Massachusetts over the last 20 years has moved to the top of the national rankings for achievement by students from low-income families while Connecticut has lagged. Here’s how they did it. First of three articles in a special report. Continue Reading →

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The state of CT’s public schools in charts

The state’s public education system has reached a pivotal time. The Connecticut Supreme Court is set to hear arguments today in a landmark school-funding case. And with the state facing major projected deficits for the foreseeable future, it might take an order from the high court for much more money to reach Connecticut’s most impoverished districts. The court will be hearing an appeal from a ruling in which Superior Court Judge Thomas Moukawsher found the state’s method of distributing aid to schools to be “irrational,” and thus unconstitutional. His ruling included a scathing indictment of the education students receive in the state’s most impoverished districts. Continue Reading →

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For CT, strides and stumbles in quest to spur bioscience industry

Connecticut is losing more bioscience jobs than it is gaining, despite a sizable jump in research and development jobs over the last three years. Alexion’s departure is the latest in a line that has undercut bioscience growth. Nonetheless, many say New Haven is nearing a “critical mass” after years of effort by Yale and a new cluster is emerging in Farmington after more than $1 billion in state investment. Continue Reading →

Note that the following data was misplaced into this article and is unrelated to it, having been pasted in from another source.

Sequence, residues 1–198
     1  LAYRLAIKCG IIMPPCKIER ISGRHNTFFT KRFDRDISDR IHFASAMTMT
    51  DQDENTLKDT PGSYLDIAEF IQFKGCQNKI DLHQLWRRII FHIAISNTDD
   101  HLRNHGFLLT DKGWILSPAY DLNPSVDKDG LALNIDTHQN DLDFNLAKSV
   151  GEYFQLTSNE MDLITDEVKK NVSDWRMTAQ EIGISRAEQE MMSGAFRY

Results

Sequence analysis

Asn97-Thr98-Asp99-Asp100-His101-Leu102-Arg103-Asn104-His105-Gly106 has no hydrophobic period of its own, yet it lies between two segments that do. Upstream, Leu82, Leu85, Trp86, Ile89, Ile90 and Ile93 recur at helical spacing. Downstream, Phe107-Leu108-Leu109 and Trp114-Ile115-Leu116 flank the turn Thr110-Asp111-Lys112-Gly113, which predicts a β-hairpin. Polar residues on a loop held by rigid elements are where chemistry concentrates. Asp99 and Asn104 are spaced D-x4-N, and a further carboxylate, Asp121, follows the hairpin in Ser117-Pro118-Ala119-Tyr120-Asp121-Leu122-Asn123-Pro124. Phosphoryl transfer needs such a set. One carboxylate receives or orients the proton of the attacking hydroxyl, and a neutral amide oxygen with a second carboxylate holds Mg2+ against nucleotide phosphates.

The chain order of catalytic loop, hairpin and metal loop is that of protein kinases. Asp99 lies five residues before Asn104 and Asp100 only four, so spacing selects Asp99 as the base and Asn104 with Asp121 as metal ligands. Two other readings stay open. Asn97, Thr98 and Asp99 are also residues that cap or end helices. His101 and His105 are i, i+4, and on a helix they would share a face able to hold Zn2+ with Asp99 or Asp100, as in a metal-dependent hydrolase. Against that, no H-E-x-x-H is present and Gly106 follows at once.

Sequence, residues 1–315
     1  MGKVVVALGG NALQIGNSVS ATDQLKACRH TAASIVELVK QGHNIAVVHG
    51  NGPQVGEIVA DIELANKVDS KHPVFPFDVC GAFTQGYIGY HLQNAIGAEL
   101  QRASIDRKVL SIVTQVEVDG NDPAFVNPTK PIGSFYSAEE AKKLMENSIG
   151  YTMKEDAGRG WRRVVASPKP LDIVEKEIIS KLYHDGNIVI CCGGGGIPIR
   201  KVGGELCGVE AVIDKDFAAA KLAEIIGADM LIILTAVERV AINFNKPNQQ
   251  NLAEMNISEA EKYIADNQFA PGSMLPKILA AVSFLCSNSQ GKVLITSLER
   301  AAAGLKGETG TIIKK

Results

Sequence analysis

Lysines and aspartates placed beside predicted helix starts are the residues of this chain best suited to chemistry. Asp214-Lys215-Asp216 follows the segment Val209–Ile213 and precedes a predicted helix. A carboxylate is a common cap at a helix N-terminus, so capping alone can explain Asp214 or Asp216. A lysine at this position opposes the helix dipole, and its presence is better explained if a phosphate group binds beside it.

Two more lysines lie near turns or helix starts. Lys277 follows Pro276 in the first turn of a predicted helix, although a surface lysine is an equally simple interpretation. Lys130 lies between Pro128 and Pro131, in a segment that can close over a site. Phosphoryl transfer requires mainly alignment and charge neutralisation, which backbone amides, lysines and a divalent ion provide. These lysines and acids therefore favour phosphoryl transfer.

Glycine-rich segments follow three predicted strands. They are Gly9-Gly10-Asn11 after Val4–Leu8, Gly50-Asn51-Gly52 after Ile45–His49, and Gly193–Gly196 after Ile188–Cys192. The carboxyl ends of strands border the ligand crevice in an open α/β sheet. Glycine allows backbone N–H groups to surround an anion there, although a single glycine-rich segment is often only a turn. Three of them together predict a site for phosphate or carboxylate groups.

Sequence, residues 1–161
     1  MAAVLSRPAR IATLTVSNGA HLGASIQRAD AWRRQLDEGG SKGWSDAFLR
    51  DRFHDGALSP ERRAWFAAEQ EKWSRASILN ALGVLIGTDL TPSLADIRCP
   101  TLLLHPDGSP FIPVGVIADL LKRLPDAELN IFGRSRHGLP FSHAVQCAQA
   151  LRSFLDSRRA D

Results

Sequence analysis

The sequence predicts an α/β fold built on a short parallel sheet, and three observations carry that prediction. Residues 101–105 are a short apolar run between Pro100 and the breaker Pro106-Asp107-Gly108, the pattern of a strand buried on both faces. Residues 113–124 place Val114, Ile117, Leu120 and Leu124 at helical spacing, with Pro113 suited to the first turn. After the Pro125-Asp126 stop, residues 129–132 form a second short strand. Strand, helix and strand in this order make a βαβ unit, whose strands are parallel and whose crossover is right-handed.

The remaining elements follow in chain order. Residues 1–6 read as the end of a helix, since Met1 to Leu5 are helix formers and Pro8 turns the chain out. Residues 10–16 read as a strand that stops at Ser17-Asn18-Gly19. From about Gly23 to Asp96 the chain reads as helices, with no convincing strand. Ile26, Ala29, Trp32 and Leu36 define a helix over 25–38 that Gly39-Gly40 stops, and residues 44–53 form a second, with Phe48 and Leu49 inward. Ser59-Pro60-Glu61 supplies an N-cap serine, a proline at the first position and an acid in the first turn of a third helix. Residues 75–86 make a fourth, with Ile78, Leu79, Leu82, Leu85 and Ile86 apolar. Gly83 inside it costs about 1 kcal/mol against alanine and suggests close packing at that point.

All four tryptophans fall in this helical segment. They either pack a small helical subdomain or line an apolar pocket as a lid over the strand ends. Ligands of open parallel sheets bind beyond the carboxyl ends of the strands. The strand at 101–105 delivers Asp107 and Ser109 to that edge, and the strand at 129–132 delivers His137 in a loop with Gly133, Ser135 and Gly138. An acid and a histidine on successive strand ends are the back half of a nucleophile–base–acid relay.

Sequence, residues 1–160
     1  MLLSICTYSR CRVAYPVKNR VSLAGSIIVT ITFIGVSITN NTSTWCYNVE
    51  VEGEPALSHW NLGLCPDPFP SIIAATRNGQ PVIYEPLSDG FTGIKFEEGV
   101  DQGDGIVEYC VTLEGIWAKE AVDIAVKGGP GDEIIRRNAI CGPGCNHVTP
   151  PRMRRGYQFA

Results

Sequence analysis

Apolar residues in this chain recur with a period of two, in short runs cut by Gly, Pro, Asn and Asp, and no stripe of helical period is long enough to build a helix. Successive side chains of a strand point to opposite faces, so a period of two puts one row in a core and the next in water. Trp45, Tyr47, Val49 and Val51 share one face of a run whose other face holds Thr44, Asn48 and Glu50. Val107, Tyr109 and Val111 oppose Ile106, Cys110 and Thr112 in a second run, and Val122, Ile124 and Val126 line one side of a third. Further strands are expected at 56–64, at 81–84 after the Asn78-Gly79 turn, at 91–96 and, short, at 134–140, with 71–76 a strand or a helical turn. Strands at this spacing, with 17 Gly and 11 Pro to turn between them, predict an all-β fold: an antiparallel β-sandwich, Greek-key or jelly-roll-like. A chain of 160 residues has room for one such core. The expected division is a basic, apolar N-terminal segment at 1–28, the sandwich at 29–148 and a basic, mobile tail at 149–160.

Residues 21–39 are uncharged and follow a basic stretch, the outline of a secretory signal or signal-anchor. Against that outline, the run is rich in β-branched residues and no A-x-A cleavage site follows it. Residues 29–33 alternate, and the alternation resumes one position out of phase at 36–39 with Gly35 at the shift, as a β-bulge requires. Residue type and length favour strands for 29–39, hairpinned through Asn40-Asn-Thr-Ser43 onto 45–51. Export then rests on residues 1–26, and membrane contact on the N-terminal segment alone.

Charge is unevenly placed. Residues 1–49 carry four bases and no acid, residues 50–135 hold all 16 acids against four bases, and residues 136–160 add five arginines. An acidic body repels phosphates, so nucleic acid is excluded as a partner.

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Separating fact from fiction on state school aid

How the state funds public schools is so messy and complicated that dozens of parents, educators, legislators, the governor, and a Superior Court judge have characterized the setup as broken. However, some of the criticism that regularly surfaces is based on skewed perceptions of reality. Continue Reading →

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In their words: English learners share their stories about school

One in 14 Connecticut students understand so little English, they are considered English learners, and the state has the largest gap in achievement in the country between its English learners and its English-speaking peers. As part of its recent exploration of issues surrounding English-language learners, the Mirror wanted to hear what these students feel is helping them. Here is what some of them had to say. Continue Reading →

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English learners: A jumble of strategies produces distressing results

A number of weaknesses in the approach the state and school districts across Connecticut have taken to educating the rapidly increasing number of English learners has produced distressing outcomes on nearly every benchmark – including academic achievement gaps between English learners and their peers that are among the worst in the nation. Second of three stories. Continue Reading →